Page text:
Sunday, April 16, 2017

Kids off the street

This is not a picture of my old
boss Frank's hand. It's a picture
of  writers getting their
"kids off the street."
My first serious boss, Frank, used to say, when he was getting ready to shake up management for some reason, "Okay, kids off the street." 

Maybe he meant it was time to get those hooligans back in line. But I prefer to think he was getting ready to duel in front of the executive management saloon. 

"Kids off the street. This is going to get serious."
I don't get enough opportunities to use that fantastic expression. I search for them. 
It's challenging for me to write some perspective pieces and not feel I'm oversharing. As much as I love to write "worked for me" or "what I learned" stories, I hate oversharing. However, I know that insight you want to share often comes from experience you'd rather forget. You have to find the "sweet spot" (a term that will be featured in next week's pet peeves post). 

It doesn't always mean discussing the underwear of your life (parents, kids, husband, friends or anyone who done you wrong), but what you do choose, you have to write in full if you don't want your followers to be only blog hackers in India and family members who have loved you since your teeth were too big for your face.  
I see some writers do this as easily as they breathe. Not me. Mwriting leans toward the anodyne, a word I'm pretty sure I also learned from Frank.

Still. As life shows you more about what really affects people, and as you gain confidence in your skills to write about it, you can grow tired of being so close to the vest. 
Write real, or stay home, right?

You want those kids off the street so you can duel it out with the person in the way, which is writer-you.
I faced this recently when I wrote about the empty-nest marriage, which, in my opinion, rivals new parenthood and retirement in terms of shared events that can affect two participants differently. The empty nest marriage, for better or worse, is not the one you started with.  
Ask me how I know. 
For twenty-five percent of couples, the empty-nest marriage doesn't even occur at all. The kids leave Mom and Dad and Mom and Dad leave each other.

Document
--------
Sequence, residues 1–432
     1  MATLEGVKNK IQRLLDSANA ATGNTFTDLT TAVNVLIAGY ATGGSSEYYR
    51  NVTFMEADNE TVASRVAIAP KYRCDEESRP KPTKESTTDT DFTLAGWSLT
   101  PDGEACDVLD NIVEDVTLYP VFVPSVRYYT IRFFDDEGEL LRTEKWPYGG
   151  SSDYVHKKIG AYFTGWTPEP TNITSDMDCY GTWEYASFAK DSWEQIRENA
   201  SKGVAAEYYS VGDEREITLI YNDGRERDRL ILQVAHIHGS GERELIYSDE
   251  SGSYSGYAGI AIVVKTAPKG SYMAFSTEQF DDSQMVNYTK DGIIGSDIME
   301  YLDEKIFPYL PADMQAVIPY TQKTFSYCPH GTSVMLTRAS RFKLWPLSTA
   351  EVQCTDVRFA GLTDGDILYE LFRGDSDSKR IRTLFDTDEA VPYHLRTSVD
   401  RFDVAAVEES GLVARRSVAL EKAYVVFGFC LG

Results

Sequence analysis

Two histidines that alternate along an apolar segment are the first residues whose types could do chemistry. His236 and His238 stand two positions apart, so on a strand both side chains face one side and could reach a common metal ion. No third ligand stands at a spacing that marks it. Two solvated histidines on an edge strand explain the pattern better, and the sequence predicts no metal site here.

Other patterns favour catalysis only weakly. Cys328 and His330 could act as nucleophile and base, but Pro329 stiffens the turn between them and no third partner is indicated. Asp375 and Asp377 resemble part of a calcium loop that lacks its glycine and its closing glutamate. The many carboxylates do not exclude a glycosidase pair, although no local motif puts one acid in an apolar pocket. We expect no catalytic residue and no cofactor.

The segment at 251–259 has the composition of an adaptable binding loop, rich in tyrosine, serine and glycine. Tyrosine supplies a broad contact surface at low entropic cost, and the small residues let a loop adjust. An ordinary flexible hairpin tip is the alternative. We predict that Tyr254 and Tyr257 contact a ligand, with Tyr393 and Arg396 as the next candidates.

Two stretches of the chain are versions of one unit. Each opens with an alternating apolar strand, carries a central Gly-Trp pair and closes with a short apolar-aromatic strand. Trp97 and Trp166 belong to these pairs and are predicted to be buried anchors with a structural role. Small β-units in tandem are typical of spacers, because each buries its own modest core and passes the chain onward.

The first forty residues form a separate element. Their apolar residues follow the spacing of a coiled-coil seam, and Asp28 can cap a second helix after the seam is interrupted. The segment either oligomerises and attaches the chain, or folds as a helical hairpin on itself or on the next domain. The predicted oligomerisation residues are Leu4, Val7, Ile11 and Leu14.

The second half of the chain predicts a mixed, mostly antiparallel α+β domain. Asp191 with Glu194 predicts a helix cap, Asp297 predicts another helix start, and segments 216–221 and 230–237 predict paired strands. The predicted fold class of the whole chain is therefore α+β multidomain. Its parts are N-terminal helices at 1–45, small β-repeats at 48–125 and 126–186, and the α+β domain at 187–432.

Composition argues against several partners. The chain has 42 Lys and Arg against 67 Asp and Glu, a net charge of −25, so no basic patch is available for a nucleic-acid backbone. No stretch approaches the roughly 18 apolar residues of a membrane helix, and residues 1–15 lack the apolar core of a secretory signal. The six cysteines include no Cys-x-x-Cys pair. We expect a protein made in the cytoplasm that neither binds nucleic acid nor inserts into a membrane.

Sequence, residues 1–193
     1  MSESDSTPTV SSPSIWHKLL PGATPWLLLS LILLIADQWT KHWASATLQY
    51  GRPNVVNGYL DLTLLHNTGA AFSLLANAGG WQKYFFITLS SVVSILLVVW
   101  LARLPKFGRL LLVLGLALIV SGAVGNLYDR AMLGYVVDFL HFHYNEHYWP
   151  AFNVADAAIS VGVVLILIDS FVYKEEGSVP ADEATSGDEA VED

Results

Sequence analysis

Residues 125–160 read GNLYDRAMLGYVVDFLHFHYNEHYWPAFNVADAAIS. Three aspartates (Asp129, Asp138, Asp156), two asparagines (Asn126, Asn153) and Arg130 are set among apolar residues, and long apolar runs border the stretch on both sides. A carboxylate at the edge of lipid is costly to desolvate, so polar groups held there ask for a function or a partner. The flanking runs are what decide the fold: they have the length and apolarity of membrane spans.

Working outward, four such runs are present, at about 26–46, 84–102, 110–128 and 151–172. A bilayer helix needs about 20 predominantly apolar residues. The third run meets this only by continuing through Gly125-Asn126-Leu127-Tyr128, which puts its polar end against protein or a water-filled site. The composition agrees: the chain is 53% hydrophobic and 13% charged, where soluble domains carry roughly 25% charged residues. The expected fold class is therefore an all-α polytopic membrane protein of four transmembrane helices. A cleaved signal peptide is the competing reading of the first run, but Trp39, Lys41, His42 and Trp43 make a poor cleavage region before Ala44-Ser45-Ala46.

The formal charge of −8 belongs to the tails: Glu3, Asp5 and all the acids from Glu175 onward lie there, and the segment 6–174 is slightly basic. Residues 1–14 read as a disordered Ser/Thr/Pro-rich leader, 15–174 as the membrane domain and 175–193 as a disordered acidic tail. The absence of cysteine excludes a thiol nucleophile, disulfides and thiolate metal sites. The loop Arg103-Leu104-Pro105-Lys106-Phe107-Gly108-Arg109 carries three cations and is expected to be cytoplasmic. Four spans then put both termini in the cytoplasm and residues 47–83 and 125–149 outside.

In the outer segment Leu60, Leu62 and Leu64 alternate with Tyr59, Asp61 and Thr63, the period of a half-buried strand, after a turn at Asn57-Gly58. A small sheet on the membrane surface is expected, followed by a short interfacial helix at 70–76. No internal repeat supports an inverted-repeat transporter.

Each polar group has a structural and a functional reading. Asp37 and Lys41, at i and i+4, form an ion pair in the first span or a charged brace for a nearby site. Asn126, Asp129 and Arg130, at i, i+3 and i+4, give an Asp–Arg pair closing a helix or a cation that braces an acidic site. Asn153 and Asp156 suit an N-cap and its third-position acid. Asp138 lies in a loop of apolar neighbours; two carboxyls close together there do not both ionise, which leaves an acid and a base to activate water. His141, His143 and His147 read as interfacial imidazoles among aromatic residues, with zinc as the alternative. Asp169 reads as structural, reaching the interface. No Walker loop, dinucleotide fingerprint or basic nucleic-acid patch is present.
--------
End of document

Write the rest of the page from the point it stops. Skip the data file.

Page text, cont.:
For the other seventy-five percent,  the empty-nest marriage is a new town. It can change everything from the way you eat and entertain yourselves, to the type of conversations you'll have, to the friends you see more of because your kids no longer have to be in the same math class for you to find common ground. 
This topic is close to my heart because one of the finest things my husband and I have accomplished was to make our lives into a story of us again. But I appreciate it most because it didn't happen without our share of, as my daughter would say,  "honest moments." 

Those moments did not urge us back to the center of our old relationship, but to the middle of a new one. 
The new one  is better. We have more fun. We laugh more. We have new jokes. We go to Lowes together to buy plants. He talks to the dog to entertain me, and I do small things to make his life nicer. We both look younger. 

It's lovely.

But the happy ending wasn't what readers wanted to know about who contacted me after I wrote that piece. They wanted to know about those "honest moments."

What's my point? 

I have two.

Balance is everything. I mind my own business the way I don't let my undergarments show. But once in a while, someone will need to know you understand their discomfort because you've talked about your own. 

Someone will make you remember you have good reason for the thing or two you have to say. 

Someone will need you to get the kids off the street. 

You know who you are. Thank you, and you're welcome.

And second, if you really want to, you can find a way to use the expression: "Kids off the street," and you really will feel a little like a badass.

Ask me how I know.

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